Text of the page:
Hibiscus is a beautiful and colourful cookbook filled with Nigerian-inspired dishes. I say Nigerian-inspired because the dishes are based on traditional Nigerian food and ingredients, but feature unconventional methods and spices, to offer a unique experience, and cater to a Western (British) audience. I was a little shocked by some of the dishes featured in the cookbook, like the Okra and Mango Salad (because Nigerians typically serve okra cooked in a soup) and the Amala Chocolate Muffins. However, I kept an open mind, and tried 4 recipes from the cookbook. Here’s what I learnt.
1. Food Scales are the bane of my existence
A lot of the measurements in the cookbook are in grams and milliliters. So, guess which broke university student had to go out to buy a food scale? Me…just me. I brought this upon myself 🙄. Then the overpriced digital food scale had the audacity to act up on me. It was so annoying! I would have like 2 cups of flour on the scale, and it would display the weight as zero grams, and then jump to 200 grams if I added an extra cup. I tried so hard to get this thing to work. I read the manual, I slapped it a few times, I screamed, I prayed, I even asked nicely—imagine me talking to a food scale, begging it to work. At some point, I just gave up. I was so excited about making the Hibiscus Coconut Cake (pictured here) but the food scale just ruined the whole experience for me. By the end, I was frustrated. My cake was supposed to look brown with flecks of hibiscus flower inside, but because of my faulty scale I think I added WAY too much hibiscus and the cake came out purple. It still tasted pretty nice though, so all my efforts weren’t in vain. But you would have to pay me to use a food scale again. Can we just stick to cups and teaspoons as units of measurement please?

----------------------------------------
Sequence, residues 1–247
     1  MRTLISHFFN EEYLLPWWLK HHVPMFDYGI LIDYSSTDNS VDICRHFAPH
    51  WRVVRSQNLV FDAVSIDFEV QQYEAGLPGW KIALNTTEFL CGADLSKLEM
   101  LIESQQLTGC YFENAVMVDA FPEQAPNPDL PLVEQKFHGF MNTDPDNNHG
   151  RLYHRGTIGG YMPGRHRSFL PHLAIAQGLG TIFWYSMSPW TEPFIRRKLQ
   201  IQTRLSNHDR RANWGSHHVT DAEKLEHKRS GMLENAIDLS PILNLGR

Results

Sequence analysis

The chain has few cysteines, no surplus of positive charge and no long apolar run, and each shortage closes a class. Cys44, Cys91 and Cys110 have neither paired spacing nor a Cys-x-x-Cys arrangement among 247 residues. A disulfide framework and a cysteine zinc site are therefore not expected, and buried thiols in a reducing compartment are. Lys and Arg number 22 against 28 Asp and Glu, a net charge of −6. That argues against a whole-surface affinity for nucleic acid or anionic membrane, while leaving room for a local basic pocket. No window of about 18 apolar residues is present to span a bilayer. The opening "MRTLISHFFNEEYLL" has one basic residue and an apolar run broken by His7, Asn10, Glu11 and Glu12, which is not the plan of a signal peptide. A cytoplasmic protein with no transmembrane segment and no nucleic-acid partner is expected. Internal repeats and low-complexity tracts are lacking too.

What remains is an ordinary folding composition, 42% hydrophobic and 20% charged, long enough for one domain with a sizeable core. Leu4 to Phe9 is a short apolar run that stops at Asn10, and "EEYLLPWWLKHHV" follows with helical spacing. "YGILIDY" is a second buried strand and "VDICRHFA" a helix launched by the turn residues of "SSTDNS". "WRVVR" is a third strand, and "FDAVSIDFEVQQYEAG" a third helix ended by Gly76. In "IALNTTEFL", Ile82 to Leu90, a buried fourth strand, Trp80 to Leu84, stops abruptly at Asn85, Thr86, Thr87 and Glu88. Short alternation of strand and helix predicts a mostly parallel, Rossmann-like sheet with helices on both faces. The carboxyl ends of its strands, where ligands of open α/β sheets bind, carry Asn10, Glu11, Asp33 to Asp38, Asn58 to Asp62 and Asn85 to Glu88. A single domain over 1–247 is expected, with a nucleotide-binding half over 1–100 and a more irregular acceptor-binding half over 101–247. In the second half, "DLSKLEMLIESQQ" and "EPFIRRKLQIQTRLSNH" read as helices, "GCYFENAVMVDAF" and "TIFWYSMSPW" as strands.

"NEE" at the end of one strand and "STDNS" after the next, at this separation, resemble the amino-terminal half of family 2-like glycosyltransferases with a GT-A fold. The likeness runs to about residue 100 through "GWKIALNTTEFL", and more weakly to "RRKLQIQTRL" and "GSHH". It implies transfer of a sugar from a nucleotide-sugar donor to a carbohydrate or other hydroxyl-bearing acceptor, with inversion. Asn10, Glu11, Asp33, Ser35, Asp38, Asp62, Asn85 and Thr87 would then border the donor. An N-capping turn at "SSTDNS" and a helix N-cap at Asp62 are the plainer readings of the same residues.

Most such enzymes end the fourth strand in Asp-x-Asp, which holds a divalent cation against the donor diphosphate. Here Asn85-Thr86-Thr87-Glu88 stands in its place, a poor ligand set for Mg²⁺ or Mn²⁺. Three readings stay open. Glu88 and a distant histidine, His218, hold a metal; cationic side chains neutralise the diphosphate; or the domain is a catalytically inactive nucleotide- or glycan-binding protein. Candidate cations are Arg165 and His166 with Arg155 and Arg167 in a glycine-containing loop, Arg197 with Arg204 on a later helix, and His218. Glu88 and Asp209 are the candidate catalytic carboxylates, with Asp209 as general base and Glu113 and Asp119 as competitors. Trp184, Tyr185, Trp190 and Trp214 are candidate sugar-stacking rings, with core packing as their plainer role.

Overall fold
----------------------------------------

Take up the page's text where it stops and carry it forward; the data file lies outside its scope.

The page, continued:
2. Steamed Jollof Rice is yummy!
Usually, jollof rice is made by boiling rice in a mixture of blended onions, tomatoes and peppers, with chicken stock and some seasoning. So I was quite surprised when Lopè Ariyo’s recipe called for a steamer basket. Now, I don’t own a steamer basket, so again, guess which broke university student bought equipment for this recipe? I hope you can tell how committed I was to testing the recipes in this book. The author said that steaming the jollof rice is the best way to ensure that the rice doesn’t burn (and you don’t mess up the liquid to rice ratio). I’m guessing that was her way of fool-proofing the recipe, but in my experience the burnt part of jollof rice is usually the best part. Nevertheless, the steamed jollof rice was very tasty, and there was no blending involved (which is a plus on my side). I was skeptical about a jollof recipe that didn’t include chicken stock or bell peppers, but Lopè Ariyo proved me wrong. As someone who struggles to perfect the liquid to rice ratio in my jollof rice, I think steaming is a really good option. It just takes longer to cook, and I don’t think I have that patience.
3. Cameroon pepper ≠ black pepper (I learnt that the hard way)